Xala narrates several weeks in the life of an African businessman, Abdou Kader Beyè, called “El Hadji.” The brief novel traces his rapid decline from affluence to total humiliation and ruin.
As the novel begins, El Hadji is at the peak of his career, a rich man respected and even envied by his fellow businessmen. He is about to be married to his third wife, N’Gone, a pretty young woman who has flattered him with her attentions. Taking a third wife marks him as a “captain,” a leader in West African culture, in which a man’s success is measured by the number of wives he can support. Each of El Hadji’s wives has her own villa and well-appointed household, complete with cars, a chauffeur, and many money-hungry children.
El Hadji collects his two wives and takes them (as custom dictates) to his wedding party, where they are to meet the new wife and welcome her without jealousy. The first two wives—Adja Awa Astou and Oumi N’Doye, respectively—leave, and as the party descends into raucous ribaldry, El Hadji is taken away by Yay Bineta, his new wife’s officious aunt, who has functioned as the matchmaker. It is Yay Bineta’s responsibility to prepare the husband and wife for their wedding night, and she therefore encourages El Hadji to perform certain tribal rituals to ensure his potency. He refuses, dismissing the acts as foolish superstition.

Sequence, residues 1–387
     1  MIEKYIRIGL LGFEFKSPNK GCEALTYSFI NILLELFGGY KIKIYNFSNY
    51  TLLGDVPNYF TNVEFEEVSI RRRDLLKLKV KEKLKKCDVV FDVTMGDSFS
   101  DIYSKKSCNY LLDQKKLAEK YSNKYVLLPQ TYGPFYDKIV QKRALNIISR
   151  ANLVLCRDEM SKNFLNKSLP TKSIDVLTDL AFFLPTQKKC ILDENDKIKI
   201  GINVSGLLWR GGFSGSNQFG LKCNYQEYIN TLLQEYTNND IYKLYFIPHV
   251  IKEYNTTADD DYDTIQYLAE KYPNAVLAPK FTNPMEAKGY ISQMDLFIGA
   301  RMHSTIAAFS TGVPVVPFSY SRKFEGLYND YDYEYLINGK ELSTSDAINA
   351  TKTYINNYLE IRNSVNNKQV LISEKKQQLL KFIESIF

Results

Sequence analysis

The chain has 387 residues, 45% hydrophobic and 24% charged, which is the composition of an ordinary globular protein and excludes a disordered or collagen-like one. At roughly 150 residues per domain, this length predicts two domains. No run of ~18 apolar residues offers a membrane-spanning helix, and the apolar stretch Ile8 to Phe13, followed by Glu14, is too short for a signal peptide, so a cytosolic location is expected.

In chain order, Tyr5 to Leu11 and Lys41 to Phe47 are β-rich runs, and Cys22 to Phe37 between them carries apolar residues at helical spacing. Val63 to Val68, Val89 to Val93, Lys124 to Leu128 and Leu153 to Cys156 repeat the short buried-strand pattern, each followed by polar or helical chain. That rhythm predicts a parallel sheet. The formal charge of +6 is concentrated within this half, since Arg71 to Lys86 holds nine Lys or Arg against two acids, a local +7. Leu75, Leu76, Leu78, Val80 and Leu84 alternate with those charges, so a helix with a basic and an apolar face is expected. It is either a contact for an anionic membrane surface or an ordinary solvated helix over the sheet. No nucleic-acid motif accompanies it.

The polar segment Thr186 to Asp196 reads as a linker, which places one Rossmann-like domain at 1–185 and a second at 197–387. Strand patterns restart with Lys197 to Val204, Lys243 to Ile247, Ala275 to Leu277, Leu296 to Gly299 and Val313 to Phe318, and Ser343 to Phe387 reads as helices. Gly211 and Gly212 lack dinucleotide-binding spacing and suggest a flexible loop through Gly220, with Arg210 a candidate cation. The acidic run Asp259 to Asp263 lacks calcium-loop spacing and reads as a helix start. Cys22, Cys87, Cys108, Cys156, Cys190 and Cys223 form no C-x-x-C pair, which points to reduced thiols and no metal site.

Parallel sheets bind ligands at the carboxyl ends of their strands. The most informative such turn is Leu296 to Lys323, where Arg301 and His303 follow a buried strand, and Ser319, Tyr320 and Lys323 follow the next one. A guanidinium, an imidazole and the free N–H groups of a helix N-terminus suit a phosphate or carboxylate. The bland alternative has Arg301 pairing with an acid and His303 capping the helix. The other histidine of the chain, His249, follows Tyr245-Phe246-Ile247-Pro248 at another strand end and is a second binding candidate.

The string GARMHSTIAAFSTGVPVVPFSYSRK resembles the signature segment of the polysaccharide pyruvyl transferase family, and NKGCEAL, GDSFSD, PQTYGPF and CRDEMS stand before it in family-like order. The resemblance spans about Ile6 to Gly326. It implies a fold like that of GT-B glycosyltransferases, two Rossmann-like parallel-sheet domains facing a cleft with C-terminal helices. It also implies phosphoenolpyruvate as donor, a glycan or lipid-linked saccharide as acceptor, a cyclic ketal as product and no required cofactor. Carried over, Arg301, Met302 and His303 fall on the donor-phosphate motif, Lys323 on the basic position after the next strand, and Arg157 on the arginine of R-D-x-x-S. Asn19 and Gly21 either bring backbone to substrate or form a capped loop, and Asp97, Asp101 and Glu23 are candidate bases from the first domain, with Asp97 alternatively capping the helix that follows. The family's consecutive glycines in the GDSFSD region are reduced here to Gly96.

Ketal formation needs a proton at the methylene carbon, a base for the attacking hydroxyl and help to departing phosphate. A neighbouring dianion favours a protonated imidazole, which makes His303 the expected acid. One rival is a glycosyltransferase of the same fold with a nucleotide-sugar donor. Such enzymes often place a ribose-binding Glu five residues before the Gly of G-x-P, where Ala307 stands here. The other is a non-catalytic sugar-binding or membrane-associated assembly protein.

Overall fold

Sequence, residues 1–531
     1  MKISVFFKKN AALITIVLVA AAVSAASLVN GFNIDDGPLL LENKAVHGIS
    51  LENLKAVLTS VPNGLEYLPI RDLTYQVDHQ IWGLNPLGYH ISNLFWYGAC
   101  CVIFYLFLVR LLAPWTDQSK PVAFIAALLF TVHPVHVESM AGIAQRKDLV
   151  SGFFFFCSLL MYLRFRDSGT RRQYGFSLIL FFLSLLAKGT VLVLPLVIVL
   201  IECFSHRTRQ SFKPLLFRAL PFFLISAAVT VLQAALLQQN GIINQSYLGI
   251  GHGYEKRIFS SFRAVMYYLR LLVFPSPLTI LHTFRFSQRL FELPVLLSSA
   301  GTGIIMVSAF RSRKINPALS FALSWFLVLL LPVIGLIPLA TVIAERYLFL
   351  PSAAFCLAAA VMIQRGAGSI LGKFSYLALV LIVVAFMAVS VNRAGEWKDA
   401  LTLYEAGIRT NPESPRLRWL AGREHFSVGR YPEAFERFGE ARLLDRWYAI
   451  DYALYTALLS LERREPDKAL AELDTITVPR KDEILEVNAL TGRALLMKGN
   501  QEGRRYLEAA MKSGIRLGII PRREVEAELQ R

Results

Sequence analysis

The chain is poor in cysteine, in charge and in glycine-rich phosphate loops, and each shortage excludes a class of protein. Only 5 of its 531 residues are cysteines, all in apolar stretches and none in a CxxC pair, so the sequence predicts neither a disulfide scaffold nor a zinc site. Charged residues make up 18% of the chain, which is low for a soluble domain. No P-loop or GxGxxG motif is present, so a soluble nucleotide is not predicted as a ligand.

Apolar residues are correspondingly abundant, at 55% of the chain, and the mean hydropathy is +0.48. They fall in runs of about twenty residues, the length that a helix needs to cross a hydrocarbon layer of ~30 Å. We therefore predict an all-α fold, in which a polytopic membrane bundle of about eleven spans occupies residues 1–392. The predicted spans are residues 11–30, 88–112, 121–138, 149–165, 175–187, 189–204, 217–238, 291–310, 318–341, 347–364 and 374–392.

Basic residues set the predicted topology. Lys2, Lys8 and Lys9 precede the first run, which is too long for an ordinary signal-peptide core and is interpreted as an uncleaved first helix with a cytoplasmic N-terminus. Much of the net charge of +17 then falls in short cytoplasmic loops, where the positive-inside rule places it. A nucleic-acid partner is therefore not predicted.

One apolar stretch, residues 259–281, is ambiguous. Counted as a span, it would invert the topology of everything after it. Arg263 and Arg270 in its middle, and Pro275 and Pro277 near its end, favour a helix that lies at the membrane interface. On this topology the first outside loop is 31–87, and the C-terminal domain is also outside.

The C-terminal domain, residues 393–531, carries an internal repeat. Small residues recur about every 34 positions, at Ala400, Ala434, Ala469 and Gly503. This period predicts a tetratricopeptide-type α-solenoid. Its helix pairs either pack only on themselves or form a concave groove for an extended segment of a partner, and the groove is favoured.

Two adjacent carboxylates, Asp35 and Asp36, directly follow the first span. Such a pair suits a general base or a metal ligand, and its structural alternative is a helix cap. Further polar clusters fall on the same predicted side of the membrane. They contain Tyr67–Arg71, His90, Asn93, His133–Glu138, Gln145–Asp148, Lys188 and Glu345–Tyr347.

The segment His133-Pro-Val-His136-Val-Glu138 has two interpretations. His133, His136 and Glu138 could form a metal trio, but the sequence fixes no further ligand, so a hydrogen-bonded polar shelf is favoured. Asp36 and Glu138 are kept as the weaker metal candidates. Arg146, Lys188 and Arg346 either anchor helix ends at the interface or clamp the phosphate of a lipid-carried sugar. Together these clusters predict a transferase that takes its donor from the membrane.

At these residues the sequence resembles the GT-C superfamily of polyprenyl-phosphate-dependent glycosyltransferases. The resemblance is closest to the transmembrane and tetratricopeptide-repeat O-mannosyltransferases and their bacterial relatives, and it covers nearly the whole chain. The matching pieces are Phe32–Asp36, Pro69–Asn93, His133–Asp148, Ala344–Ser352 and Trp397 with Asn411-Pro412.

Alone with his new bride, El Hadji is filled with desire, but the unthinkable happens: He is impotent. Never before has such a thing happened to him. When he admits his failure to Yay Bineta, she tells him that someone must have put a curse of impotence, a xala (pronounced “hala”), upon him.
For days El Hadji agonizes over his problem, consulting countless marabouts (healers) and paying exorbitant fees to them, with no result. He neglects his business, and his...
(The entire section is 770 words.)